For example, seborrheic dermatitis is a form of eczema that’s commonly found on the scalp. This chronic form primarily develops on oily areas of your skin, so it may also affect your face and back.
In addition to flaking skin, seborrheic dermatitis may cause:
- scaly patches
Seborrheic dermatitis usually develops during puberty or well into adulthood. When infants develop this condition, it’s known as cradle cap. Cradle cap usually goes away on its own by the time the infant reaches 1 year of age.
Contact dermatitis can occur at any age and appear anywhere on the body. It happens when a foreign object or substance causes irritation or an allergic reaction on the skin. You may also experience a rash or hives with this condition.
Atopic dermatitis usually affects young children. Although its symptoms are similar to seborrheic dermatitis, you may find that the affected areas also ooze and weep. Atopic dermatitis generally occurs in other areas of the body, but it’s possible for it to appear on the scalp.
Keep reading to learn more about what may be causing your eczema and how to find relief.
It isn’t clear what causes seborrheic dermatitis, but it may be due in part to:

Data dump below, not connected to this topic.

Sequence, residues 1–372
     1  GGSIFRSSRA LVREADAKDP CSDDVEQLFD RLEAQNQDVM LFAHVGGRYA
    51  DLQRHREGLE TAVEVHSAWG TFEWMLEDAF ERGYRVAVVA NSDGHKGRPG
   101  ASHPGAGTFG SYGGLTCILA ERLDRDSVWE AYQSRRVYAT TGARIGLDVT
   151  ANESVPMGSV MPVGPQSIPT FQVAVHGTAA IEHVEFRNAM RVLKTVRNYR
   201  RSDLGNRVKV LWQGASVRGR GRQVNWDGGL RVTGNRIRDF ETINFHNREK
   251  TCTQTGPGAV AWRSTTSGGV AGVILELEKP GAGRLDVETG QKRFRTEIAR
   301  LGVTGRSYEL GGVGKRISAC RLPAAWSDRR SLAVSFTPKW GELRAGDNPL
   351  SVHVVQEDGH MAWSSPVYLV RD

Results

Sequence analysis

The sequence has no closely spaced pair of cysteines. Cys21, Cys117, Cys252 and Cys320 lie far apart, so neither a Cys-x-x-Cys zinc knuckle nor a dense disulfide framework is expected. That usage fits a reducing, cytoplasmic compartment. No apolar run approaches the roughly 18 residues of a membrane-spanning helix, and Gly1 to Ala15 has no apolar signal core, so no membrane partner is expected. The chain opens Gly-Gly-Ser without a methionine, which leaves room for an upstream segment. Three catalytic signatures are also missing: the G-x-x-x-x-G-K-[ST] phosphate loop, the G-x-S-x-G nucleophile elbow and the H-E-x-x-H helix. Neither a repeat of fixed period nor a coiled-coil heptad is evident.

- hormonal changes
- abnormal responses from the immune system to something that is eaten or comes in contact with the skin, similar to a type of allergic reaction
You may be more susceptible to seborrheic dermatitis if you:
- have another skin condition, such as acne, rosacea, or psoriasis
- have a preexisting condition affecting your immune system, such as an organ transplant, HIV, or Parkinson’s disease
- take certain medications containing interferon, lithium, or psoralen
- have depression
You may find seborrheic dermatitis occurs at certain times. Triggers for flare-ups include:
- hormone changes
- harsh chemicals
Contact dermatitis typically develops after your skin comes into contact with a toxic material. For example, the ingredients in certain hair care products, your brush, or even a hair accessory can cause a flare-up.
One study found the most common irritants contributing to scalp eczema included:
- balsam of Peru
It isn’t clear what causes atopic dermatitis, but environmental factors may be why. This includes things like heat, sweat, and cold, dry weather.
Treatments for scalp eczema will vary based on the type you have. If you know what triggers your eczema, you can make certain lifestyle changes to reduce your risk.
But if lifestyle changes and over-the-counter (OTC) medications aren’t enough, see your doctor. Also see your doctor if you’re experiencing severe pain, swelling, or other unusual symptoms.
Work with your doctor to determine what’s triggering your flare-ups. In some cases, you may find it beneficial to keep a notebook where you list when you had a flare-up and what activities or environments you were in that day.
For example, you may want to take note of:
- what you ate
- what the weather was like
- whether you were feeling any stress and what it was about
- when you last washed or styled your hair
- what hair products you used
Once you identify your triggers, you can work to avoid them.
Shampoos and other hair products